Watching the performance last night was like watching a band play in two places at once. This was a benefit concert for children with severe speech and physical impairments and some of those children were up on the stage throughout the show. They didn’t only have the best view, but their presence helped make sure we never lost sight of the purpose for the performance. And Tom Waits was singing about places that exist in every day life — Chicago, Singapore, old houses and family reunions. And yes, that was Les Claypool on upright bass and David Hidalgo on guitar. All of these things are anchored in the real world. Yet somehow it’s like you’re seeing them through distorted eyes. At some point in his life, Tom Waits decided he wanted to protect his identity. He created a persona that he could put on like a mask when he was interacting with people outside his inner circle. His performances are not as much a presentation of that persona as they are an invitation to look at the world from inside that mask. Nothing has changed except your perception, yet that makes all the difference.
The performance lasted just under an hour — enough time to accommodate 10 songs and a few of Tom’s famous tidbits. These “facts” and “stories” are a staple of every show. This time around we were educated on gorilla birth control, the decimation of the world’s food supply by rats, and Neil Young’s bad investment in an eel, donuts and fish-scale restaurant. These stories were not only humorous, but they had the added advantage of further confusing those in the audience who arn’t familiar with Mr. Waits.
As for the song selection, it’s always more about diversity than it is about any particular song. A good Tom Waits performance is one where you get to see the many temperaments that make up this carefully crafted persona. The initial announcement for this show led me to believe he would be focused solely on material from Bad As Me, so it was welcome surprise when “Raised Right Men” led into “Singapore”. But it wasn’t until he sat down at the piano for “Lucky Day” that I was able to breathe free. I love the drunken pirate and the psychotic ringmaster, but they are in the best company with the hobo lounge singer. “Lucky Day” led into “Tom Traubert’s Blues” and the picture was complete. It could have ended right there and it would have been one of the best shows of my life, but we were in for a few more…including my personal favorite from the new album, “Last Leaf”.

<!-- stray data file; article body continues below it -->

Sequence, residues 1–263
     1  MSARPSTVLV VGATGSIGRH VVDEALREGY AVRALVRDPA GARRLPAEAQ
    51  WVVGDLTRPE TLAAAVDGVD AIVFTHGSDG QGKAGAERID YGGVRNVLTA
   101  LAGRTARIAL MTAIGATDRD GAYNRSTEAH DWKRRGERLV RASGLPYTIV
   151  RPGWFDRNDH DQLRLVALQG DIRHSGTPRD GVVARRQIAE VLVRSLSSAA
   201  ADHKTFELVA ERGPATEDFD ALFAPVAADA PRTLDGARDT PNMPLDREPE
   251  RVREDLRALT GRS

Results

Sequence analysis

After a jazzy rendition of “Come on Up to the House”, the gracious host introduced his band and left the stage. The house lights came up and everyone was changed forever. It was only a couple songs into the Queens of the Stone Age set before Josh Homme admitted as much — “Tom Waits was fucking awesome! It’s all gravy now. As much gravy as you can take. I stood on the side of the stage like…” He didn’t finish that sentence. He didn’t have to. He just shook his head with a look of disbelief and we all knew exactly what he meant.
video credit to Nik Houser
Obviously I went to the Bridge School Benefit to see Tom Waits, but I was there all day and there were many highlights. Jenny Lewis performing Rilo Kiley’s “Silver Lining”. Heart covering Zeppelin’s “The Rain Song” — Anne Wilson’s voice is still incredible. Fun. was fun as always. Elvis Costello could’ve had a better setlist, but the man’s still one of the great ones. My Morning Jacket were good, but bringing everyone out to cover “Oh! Sweet Nuthin'” in memory of Lou Reed was great — it was a moving tribute to a lost legend. Queens of the Stone Age were unexpectedly great as a semi-acoustic band, and CSNY can now be crossed off the list of bands I’ve never seen.
It was only my 2nd Bridge School Benefit Concert, so I don’t have much to compare it to, but I’d call it a success. I’m just happy I survived and got home to talk about it. Now it’s time to sleep for a very long time.
Raised Right Men
Talking at the Same Time
Tom Traubert’s Blues
Lucinda / Ain’t Goin Down
Come On Up to the House